• [0063]
    As used herein the term “system” is defined as any organism, cell, cell culture or tissue that expresses, or is made competent to express products of the gene encoding diacylglycerol acyltransferase 1. These include, but are not limited to, humans, transgenic animals, cells, cell cultures, tissues, xenografts, transplants and combinations thereof.
  • [0064]
    As one nonlimiting example, expression patterns within cells or tissues treated with one or more antisense compounds are compared to control cells or tissues not treated with antisense compounds and the patterns produced are analyzed for differential levels of gene expression as they pertain, for example, to disease association, signaling pathway, cellular localization, expression level, size, structure or function of the genes examined. These analyses can be performed on stimulated or unstimulated cells and in the presence or absence of other compounds that affect expression patterns.
  • [0065]
    Examples of methods of gene expression analysis known in the art include DNA arrays or microarrays (Brazma and Vilo, FEBS Lett., 2000, 480, 17-24; Celis, et al., FEBS Lett., 2000, 480, 2-16), SAGE (serial analysis of gene expression)(Madden, et al., Drug Discov. Today, 2000, 5, 415-425), READS (restriction enzyme amplification of digested cDNAs) (Prashar and Weissman, Methods Enzymol., 1999, 303, 258-72), TOGA (total gene expression analysis) (Sutcliffe, et al., Proc. Natl. Acad. Sci. U.S.A., 2000, 97, 1976-81), protein arrays and proteomics (Celis, et al., FEBS Lett., 2000, 480, 2-16; Jungblut, et al., Electrophoresis, 1999, 20, 2100-10), expressed sequence tag (EST) sequencing (Celis, et al., FEBS Lett., 2000, 480, 2-16; Larsson, et al., J. Biotechnol., 2000, 80, 143-57), subtractive RNA fingerprinting (SuRF) (Fuchs, et al., Anal. Biochem., 2000, 286, 91-98; Larson, et al., Cytometry, 2000, 41, 203-208), subtractive cloning, differential display (DD) (Jurecic and Belmont, Curr. Opin. Microbiol., 2000, 3, 316-21), comparative genomic hybridization (Carulli, et al., J. Cell Biochem. Suppl., 1998, 31, 286-96), FISH (fluorescent in situ hybridization) techniques (Going and Gusterson, Eur. J. Cancer, 1999, 35, 1895-904) and mass spectrometry methods (To, Comb. Chem. High Throughput Screen, 2000, 3, 235-41).
  • [0066]
    The compounds of the invention are useful for research and diagnostics, because these compounds hybridize to nucleic acids encoding diacylglycerol acyltransferase 1. For example, oligonucleotides that are shown to hybridize with such efficiency and under such conditions as disclosed herein as to be effective diacylglycerol acyltransferase 1 inhibitors will also be effective primers or probes under conditions favoring gene amplification or detection, respectively. These primers and probes are useful in methods requiring the specific detection of nucleic acid molecules encoding diacylglycerol acyltransferase 1 and in the amplification of said nucleic acid molecules for detection or for use in further studies of diacylglycerol acyltransferase 1. Hybridization of the antisense oligonucleotides, particularly the primers and probes, of the invention with a nucleic acid encoding diacylglycerol acyltransferase 1 can be detected by means known in the art. Such means may include conjugation of an enzyme to the oligonucleotide, radiolabelling of the oligonucleotide or any other suitable detection means. Kits using such detection means for detecting the level of diacylglycerol acyltransferase 1 in a sample may also be prepared.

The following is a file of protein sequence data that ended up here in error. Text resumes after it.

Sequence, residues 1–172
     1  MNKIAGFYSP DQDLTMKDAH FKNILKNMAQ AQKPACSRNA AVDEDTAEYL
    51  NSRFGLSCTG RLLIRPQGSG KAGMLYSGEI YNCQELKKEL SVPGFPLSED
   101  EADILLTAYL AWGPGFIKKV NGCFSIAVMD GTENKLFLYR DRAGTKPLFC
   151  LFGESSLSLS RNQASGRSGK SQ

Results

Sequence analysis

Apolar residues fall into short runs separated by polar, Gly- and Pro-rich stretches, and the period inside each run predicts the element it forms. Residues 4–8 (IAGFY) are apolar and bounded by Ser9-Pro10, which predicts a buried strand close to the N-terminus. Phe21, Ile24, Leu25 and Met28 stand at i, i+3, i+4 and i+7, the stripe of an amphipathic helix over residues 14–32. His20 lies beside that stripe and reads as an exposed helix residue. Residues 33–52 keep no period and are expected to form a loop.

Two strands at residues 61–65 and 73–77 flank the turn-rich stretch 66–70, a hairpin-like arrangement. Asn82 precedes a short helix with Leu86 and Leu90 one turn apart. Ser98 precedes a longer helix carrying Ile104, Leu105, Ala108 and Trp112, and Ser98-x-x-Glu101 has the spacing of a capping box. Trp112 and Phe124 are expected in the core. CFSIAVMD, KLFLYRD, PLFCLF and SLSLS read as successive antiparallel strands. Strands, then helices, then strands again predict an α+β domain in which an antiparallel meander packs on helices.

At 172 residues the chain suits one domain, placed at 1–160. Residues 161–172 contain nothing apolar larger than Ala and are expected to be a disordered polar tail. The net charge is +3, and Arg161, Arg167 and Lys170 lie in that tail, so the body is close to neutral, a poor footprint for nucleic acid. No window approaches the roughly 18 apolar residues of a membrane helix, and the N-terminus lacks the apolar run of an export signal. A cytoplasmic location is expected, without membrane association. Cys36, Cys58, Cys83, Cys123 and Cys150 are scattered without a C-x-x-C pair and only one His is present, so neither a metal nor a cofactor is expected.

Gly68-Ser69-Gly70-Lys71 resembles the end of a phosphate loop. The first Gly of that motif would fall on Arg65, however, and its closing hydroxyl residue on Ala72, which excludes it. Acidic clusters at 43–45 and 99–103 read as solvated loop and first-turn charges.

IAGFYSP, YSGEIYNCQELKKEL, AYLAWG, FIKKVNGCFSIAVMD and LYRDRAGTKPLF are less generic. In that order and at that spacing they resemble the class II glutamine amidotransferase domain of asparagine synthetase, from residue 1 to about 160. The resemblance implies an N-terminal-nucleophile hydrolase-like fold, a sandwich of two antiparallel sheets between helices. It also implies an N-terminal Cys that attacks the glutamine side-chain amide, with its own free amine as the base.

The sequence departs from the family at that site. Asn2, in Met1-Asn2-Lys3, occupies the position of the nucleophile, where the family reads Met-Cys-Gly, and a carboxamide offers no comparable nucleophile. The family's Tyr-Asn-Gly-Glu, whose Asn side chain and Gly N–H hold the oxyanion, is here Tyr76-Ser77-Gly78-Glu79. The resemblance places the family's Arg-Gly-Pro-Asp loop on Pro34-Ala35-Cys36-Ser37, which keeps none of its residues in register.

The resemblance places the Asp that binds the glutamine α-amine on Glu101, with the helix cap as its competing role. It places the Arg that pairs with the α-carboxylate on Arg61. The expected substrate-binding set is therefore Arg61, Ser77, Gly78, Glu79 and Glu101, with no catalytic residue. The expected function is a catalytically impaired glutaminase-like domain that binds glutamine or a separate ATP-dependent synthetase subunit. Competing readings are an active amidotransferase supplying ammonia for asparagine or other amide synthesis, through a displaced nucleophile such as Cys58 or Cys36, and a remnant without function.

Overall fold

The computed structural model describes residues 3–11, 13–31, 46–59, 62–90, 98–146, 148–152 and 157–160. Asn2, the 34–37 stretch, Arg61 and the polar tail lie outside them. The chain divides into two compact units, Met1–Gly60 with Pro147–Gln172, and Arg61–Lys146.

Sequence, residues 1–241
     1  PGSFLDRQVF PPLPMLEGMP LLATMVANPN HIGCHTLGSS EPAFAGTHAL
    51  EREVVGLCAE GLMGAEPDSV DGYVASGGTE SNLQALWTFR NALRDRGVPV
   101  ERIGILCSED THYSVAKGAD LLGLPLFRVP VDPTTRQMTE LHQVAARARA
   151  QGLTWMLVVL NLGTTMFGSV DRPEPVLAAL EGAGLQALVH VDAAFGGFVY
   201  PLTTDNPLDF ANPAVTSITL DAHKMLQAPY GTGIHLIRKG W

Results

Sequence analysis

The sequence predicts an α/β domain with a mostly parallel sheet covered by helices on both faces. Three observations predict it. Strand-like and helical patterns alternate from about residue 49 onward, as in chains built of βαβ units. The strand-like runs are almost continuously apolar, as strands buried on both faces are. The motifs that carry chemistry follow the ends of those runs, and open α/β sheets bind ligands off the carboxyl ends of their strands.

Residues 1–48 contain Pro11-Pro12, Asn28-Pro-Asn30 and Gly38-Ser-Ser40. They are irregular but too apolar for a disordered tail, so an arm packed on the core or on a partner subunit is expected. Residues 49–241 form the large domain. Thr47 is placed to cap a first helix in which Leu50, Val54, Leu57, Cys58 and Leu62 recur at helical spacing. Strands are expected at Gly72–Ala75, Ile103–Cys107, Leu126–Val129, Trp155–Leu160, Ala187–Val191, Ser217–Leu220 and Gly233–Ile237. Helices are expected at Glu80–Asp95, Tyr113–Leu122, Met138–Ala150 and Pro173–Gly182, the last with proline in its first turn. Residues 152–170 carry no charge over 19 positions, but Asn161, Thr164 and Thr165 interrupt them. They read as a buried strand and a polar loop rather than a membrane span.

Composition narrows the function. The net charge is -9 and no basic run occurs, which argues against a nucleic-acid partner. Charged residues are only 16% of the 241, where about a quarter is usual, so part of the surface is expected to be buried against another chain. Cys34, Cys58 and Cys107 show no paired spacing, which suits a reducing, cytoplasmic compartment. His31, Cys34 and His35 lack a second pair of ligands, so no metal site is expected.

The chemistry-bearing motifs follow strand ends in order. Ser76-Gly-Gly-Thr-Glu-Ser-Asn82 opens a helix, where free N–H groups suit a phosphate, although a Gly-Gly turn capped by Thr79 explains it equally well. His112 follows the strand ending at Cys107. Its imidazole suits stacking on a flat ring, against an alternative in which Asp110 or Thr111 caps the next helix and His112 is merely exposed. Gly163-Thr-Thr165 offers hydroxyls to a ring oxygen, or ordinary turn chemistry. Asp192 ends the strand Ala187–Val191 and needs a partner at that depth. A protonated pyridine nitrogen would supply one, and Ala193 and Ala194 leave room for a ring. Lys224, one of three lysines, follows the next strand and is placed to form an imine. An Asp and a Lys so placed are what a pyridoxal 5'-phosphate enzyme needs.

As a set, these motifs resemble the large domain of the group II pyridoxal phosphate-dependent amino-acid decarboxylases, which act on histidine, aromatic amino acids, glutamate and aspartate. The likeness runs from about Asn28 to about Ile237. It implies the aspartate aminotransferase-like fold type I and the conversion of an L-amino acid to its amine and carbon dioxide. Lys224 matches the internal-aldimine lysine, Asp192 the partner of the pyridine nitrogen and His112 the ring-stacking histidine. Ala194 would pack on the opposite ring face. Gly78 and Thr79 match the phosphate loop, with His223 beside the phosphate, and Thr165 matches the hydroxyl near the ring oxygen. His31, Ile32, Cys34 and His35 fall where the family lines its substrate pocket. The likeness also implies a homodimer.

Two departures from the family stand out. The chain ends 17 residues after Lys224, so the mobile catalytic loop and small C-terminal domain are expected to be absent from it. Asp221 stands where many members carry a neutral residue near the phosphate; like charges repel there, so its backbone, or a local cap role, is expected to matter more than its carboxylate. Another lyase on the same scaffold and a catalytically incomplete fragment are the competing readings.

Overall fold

• [0067]
    Among diagnostic uses is the measurement of diacylglycerol acyltransferase 1 levels in patients to identify those who may benefit from a treatment strategy aimed at attenuation of inflammation. Such patients suitable for diagnosis include patients with obesity, or related disorders, including diabetes and cardiac disorders. Such disorders may be related to elevated serum glucose levels, elevated circulating insulin levels, elevated fasted serum insulin levels, elevated circulating triglycerides, elevated liver triglycerides and elevated free fatty acids in liver.
  • [0068]
    The specificity and sensitivity of antisense are also harnessed by those of skill in the art for therapeutic uses. Antisense compounds have been employed as therapeutic moieties in the treatment of disease states in animals, including humans. Antisense oligonucleotide drugs, including ribozymes, have been safely and effectively administered to humans and numerous clinical trials are presently underway. It is thus established that antisense compounds can be useful therapeutic modalities that can be configured to be useful in treatment regimes for the treatment of cells, tissues and animals, especially humans.
  • [0069]